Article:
If you’ve ever pined for the days when you could speak into your wristwatch and ask it what time it is and it will tell you in a humanoid voice, it might be time to get excited. Apple is apparently developing wearable devices that will incorporate all the benefits and features of its fabulous new voice assistant, Siri. Google also has their crack team working on wearable devices that communicate with Android phones. So far, the only specific details entail a possible wrist device, but what does the future hold for computerized garments? Among the possible products of the future: glasses and contact lenses. Yup. Computers on your eyeballs.
In a report by The New York Times, both Google and Apple are developing wearable devices, because as you know, we are so incredibly encumbered as humans by having to physically hold our devices in our hands in order to use them. The main goal of the smaller, more streamlined and strap-on-able devices is to communicate with their larger, more handheld devices — smartphones — and then, in turn, sell even more of the latter. Because, I guess, people need that.
While Google isn’t leaking a whole lot of information, just that they intend to make things that are “peripherals” for Android phones, Apple seems to be testing prototypes for wristwatch-style devices:
One idea being discussed is a curved-glass iPod that would wrap around the wrist; people could communicate with the device using Siri, the company’s artificial intelligence software.
As we know, you can actually get a watch face to appear on the iPod Nano display and attach that to a watch band. Ironic, since the advent of cell phones has all but eliminated the need for watches except for fashion purposes (for many of us, at least). And, sure, it’s a nifty idea to have a watch that can perform some of the basic functions of a smartphone while integrating the devices. But the best part about this, at least to me, might just be that we are finally going to get computer watches like they have in cartoons. If they have the capabilities for Face Time? Come on! That’s perfect!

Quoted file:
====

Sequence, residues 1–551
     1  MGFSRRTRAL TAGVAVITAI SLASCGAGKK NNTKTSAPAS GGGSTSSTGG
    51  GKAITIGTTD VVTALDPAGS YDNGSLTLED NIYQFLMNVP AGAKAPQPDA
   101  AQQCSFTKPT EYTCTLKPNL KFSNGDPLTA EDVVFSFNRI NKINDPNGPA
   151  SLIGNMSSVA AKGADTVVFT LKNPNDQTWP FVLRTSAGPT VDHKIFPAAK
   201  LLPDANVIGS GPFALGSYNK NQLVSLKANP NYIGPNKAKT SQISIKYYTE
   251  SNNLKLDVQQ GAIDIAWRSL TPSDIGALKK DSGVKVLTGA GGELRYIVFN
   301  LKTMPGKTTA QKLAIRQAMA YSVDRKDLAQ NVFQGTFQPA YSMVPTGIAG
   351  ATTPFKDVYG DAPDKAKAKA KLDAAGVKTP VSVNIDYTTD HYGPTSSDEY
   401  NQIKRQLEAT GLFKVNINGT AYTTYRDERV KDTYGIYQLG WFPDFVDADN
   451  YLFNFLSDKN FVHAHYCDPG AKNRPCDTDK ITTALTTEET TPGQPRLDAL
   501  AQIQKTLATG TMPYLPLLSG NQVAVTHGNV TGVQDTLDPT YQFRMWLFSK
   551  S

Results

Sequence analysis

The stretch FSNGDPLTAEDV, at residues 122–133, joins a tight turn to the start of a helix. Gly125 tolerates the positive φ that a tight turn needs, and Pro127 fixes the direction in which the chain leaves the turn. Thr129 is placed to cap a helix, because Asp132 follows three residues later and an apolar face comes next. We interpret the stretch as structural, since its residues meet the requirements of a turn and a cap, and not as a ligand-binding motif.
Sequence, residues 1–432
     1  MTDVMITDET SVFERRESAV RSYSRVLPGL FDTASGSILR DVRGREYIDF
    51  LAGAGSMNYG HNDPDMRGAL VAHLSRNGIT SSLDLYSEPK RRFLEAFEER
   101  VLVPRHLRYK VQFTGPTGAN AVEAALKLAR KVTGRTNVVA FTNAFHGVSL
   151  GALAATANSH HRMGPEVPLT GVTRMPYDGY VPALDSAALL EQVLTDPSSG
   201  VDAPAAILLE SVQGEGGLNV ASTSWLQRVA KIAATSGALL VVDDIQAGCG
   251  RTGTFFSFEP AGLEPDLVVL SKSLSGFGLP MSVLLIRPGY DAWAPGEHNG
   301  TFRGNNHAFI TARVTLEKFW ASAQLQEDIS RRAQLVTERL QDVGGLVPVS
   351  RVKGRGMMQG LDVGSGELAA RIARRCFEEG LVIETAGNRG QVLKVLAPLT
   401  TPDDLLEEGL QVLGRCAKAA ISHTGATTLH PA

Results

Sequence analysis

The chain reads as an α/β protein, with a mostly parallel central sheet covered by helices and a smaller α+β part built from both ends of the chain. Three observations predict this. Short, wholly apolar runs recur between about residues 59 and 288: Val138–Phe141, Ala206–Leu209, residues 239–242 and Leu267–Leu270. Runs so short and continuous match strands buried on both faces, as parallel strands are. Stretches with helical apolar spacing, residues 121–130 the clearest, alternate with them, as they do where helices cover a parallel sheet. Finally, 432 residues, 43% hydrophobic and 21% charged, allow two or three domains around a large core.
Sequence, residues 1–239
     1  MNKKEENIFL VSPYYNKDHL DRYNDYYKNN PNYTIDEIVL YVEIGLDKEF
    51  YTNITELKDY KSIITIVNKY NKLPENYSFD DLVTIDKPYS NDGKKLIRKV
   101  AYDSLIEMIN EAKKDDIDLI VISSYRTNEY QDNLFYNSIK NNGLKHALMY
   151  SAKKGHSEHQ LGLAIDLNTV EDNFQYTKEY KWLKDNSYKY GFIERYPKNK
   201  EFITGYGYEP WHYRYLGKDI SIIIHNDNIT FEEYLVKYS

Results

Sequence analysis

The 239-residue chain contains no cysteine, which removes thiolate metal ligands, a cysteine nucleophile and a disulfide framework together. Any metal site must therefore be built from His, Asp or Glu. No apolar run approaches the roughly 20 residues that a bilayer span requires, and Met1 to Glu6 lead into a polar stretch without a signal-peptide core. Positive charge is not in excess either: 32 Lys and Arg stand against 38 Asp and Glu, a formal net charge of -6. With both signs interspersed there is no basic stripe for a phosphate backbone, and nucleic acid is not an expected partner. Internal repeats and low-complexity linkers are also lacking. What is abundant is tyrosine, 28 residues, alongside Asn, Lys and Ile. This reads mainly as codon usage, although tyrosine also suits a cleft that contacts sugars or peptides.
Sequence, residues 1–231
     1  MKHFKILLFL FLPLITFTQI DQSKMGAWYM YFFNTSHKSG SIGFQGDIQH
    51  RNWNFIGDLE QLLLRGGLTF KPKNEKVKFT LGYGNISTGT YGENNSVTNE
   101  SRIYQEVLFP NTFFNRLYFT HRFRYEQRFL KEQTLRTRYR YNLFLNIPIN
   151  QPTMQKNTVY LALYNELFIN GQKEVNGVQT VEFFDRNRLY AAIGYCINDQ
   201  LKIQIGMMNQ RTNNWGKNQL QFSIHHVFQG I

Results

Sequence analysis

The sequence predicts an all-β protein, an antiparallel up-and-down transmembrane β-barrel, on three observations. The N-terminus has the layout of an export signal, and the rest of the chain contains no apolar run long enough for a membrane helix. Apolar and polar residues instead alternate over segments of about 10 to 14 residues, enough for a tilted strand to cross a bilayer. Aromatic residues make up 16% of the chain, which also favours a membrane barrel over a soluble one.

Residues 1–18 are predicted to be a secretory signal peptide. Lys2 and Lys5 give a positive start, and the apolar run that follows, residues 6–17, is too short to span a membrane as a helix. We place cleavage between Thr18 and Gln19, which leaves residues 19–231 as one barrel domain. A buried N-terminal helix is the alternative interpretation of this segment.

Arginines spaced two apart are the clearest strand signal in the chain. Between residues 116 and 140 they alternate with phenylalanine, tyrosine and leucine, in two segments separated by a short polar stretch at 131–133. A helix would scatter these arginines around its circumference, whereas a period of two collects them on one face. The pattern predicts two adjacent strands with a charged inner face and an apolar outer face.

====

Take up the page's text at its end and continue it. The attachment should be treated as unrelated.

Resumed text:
It doesn’t end there.
Michael Liebhold, a senior researcher specializing in wearable computing at the Institute for the Future in Palo Alto, Calif., predicts that the next step in technology is the blurring of the real and virtual worlds.
Over the next 10 years, he says, he envisions that people will be wearing glasses with built-in screens and, eventually, contact lenses — with working displays.
“Kids will play virtual games with their friends, where they meet in a park and run around chasing virtual creatures for points,” he said.
Those in the know also say that such technology would directly benefit the fashion industry, providing the most three-dimensional model designers could ever hope for. Next thing you know, these things will be able to monitor our various bodily functions, detect diseases, predict our thoughts … Um, I feel like I saw this kind of thing on the Terminator 3D ride at Universal Studios, but okay!